To be unpolitical in this day and age in American politics is to perform a willfully immoral act. Whether you love him or hate him (and there really isn't much space in-between), you can't get away with pretending that the presidency of the dementia suffering orangutan isn't affecting the standing of the nation worldwide, or even simply it's citizens at home. Being on the sidelines is simply a luxury Americans can no longer afford in good conscience, and it's not as if I ever pretended I didn't have strong political opinions beforehand.
Thus, when I stumbled upon a notice about the Cardboard Congressman Town Hall- and I didn't have any better plans that night- I decided to go see the show. The idea was this: a town hall meeting for constituents of Illinois 13th and 18th districts, where they could interact with the congressmen from the two districts- Rodney Davis and Darin LaHood. The kicker: Neither of the two congressmen were expected to either show up, because, frankly, talking to their constituents isn't particularly good for the mental health of either of them. Credit it where it's due, LaHood seems to be slightly better at this than Davis, sometimes he does show up when he's pretty sure he controls the room. Davis doesn't really seem to bother. Also, I'm not sure why it was the "Congressman Town Hall" not "Congressmen Town Hall", but let's not dwell on the minutiae.
While invitations to both congressmen were sent out- and LaHood's office sent out what was reportedly a somewhat halfhearted reply- as expected, neither showed. In their places, cardboard cut outs of the two men were at the front of the room. Prepared questions were asked of the cardboard congressmen, and then fairly well researched answers were read to the audience, based on public statements and the voting records of both men. Then audience members were asked to respond to the statements with what they would say to the representatives, if they were actually there.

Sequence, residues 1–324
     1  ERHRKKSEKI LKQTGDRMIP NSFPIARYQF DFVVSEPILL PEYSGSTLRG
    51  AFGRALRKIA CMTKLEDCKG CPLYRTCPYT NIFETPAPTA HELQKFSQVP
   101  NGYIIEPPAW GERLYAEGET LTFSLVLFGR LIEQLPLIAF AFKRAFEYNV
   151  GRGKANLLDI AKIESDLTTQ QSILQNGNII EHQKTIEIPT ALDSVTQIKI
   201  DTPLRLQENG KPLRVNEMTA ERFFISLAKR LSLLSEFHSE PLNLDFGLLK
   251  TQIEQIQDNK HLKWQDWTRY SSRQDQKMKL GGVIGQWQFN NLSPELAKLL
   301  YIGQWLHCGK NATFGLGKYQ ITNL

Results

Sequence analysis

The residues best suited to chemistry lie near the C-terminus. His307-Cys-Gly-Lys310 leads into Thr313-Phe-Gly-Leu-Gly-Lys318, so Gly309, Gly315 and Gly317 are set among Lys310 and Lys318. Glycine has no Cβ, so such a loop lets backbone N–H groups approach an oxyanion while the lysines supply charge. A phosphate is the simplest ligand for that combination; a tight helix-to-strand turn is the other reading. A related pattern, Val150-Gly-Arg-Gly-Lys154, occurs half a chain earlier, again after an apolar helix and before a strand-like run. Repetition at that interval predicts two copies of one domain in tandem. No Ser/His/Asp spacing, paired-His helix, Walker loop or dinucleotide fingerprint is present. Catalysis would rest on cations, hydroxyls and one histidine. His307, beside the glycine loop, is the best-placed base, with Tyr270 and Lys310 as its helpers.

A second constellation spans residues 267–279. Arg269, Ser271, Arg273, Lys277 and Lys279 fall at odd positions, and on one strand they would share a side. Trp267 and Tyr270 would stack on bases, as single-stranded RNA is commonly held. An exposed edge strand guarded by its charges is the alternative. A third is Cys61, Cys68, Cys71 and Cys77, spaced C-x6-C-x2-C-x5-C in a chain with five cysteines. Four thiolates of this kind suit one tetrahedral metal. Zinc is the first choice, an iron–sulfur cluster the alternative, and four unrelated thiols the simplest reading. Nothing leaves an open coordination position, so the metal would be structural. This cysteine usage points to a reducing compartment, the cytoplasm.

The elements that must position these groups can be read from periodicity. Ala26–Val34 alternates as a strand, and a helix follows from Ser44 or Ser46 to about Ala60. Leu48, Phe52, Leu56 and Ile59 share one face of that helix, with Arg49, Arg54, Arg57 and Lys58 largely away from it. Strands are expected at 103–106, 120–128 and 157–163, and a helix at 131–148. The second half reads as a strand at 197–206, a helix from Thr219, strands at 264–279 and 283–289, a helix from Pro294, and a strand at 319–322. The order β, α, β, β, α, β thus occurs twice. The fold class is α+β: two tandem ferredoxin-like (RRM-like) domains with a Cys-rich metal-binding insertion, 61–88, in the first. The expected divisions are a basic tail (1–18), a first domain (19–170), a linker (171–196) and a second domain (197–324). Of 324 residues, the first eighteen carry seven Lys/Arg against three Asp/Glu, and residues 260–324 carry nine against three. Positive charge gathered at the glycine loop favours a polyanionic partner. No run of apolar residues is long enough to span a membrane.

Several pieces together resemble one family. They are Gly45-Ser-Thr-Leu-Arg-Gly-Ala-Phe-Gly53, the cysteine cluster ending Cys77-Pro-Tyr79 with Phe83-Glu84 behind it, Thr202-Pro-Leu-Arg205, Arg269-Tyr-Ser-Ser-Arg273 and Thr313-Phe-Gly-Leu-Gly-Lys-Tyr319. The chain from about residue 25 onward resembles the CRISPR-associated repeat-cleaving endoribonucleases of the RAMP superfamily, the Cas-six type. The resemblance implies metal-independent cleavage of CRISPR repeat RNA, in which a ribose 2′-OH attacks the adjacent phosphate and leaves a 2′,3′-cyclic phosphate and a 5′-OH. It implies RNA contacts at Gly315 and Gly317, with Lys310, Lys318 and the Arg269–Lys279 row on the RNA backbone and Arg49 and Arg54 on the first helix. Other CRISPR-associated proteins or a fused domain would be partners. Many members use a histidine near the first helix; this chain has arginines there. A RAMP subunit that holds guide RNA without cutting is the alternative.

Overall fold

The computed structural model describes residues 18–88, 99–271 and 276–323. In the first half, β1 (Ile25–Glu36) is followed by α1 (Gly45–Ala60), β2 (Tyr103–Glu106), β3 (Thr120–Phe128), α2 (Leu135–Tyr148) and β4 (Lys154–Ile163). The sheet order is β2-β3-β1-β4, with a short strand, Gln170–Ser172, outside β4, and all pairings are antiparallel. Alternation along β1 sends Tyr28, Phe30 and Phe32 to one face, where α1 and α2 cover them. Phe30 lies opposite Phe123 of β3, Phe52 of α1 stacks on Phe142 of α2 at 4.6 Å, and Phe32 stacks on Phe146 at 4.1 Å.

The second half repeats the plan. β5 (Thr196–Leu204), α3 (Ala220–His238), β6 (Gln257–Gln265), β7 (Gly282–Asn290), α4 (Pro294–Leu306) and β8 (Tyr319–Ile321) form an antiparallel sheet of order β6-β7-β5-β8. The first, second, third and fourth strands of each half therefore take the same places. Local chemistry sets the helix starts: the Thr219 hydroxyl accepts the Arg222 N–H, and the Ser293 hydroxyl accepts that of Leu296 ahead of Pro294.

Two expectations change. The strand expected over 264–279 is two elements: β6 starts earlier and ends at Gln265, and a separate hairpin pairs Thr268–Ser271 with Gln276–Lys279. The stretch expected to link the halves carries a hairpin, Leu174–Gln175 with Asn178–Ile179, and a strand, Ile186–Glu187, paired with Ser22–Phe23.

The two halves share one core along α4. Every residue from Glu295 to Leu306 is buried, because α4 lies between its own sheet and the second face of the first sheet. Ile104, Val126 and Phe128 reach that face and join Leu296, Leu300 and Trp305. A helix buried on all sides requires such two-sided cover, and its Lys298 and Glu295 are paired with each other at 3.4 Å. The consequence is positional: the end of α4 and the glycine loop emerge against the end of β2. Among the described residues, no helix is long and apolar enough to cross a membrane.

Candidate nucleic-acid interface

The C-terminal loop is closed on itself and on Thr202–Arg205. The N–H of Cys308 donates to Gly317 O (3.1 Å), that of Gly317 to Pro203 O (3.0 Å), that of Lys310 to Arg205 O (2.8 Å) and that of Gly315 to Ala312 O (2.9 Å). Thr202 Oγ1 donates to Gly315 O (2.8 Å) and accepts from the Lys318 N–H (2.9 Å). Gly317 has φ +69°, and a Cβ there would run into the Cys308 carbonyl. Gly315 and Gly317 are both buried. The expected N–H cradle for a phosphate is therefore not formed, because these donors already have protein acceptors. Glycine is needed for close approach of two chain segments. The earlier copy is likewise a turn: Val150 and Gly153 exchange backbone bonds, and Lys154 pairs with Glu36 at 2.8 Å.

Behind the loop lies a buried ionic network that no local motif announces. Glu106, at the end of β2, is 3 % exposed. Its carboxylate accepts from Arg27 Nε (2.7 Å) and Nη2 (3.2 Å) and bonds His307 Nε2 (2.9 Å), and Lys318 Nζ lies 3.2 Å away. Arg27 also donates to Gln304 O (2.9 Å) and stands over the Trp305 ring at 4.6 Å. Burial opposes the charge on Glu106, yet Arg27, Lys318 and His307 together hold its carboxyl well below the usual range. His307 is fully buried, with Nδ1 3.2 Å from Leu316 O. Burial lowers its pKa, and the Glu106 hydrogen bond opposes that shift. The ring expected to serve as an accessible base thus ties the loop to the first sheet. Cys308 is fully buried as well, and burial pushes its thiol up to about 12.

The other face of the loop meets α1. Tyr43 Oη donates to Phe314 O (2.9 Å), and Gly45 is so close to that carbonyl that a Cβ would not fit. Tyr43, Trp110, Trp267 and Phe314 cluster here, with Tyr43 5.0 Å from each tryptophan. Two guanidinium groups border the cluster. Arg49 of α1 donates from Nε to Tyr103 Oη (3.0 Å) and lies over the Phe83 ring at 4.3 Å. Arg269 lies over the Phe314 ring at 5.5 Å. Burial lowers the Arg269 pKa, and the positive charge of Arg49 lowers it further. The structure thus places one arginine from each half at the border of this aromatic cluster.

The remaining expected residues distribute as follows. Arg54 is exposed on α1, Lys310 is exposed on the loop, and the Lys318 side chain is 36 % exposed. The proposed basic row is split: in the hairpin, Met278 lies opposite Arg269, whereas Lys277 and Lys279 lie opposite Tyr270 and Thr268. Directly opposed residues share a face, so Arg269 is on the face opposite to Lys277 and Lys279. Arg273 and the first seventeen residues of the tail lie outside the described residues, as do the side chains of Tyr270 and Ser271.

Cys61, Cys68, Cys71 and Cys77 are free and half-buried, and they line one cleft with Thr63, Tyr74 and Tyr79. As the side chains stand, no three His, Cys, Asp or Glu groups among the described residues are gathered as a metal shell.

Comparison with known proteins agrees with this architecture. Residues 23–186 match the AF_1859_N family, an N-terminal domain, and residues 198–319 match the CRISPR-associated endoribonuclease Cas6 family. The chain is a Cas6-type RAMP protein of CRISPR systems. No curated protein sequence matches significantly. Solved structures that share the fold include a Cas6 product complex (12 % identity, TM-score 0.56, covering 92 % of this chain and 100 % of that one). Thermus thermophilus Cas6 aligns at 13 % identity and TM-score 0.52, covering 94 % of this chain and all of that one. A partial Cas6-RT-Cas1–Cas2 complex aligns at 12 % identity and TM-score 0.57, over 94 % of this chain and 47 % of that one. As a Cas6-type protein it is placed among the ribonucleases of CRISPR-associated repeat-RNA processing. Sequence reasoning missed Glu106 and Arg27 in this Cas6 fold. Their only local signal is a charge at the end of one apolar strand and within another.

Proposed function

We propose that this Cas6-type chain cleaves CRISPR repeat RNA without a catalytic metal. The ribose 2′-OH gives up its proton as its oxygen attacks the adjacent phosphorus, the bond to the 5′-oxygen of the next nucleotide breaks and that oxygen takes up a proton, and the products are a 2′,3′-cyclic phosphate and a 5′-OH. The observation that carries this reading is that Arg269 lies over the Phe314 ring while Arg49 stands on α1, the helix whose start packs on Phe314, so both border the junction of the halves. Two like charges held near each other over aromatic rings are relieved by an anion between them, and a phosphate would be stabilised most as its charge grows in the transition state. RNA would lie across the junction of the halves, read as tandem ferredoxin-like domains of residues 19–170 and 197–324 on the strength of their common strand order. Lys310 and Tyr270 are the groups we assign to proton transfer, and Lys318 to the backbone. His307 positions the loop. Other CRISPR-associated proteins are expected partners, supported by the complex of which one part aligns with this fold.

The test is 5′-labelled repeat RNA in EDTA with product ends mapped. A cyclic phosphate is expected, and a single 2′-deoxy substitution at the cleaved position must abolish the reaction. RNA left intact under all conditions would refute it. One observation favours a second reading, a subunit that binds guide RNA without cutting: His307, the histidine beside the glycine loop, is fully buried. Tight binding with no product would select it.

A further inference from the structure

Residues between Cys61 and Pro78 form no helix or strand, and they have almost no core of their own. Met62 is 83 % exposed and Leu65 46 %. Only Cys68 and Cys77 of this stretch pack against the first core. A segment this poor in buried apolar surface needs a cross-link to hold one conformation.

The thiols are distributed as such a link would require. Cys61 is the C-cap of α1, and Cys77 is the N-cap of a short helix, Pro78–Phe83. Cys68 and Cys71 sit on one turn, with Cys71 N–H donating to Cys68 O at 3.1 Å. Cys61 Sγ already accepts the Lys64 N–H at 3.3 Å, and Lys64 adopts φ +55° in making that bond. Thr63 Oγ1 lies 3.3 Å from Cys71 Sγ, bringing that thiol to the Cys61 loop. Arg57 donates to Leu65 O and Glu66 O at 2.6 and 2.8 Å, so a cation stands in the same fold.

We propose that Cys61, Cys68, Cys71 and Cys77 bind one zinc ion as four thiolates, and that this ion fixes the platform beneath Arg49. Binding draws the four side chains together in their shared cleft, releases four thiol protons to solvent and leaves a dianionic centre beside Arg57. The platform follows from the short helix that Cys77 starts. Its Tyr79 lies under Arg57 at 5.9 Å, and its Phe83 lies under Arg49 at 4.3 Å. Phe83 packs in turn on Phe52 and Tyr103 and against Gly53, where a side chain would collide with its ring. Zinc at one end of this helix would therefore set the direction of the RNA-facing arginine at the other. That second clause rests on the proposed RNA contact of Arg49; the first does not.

Was it a fairly ridiculous political stunt? Well, yes, but most town halls involve that no matter what. Is there any possibility that even if somehow the congressmen saw the video of the event it might change their minds on anything? Probably not. But maybe some of the attendants in the audience felt some bit of catharsis, and if so, good for them. I did not, but that's not meant as a slight. I'm glad I went. It's just that catharsis with either of these men was never really an option for me.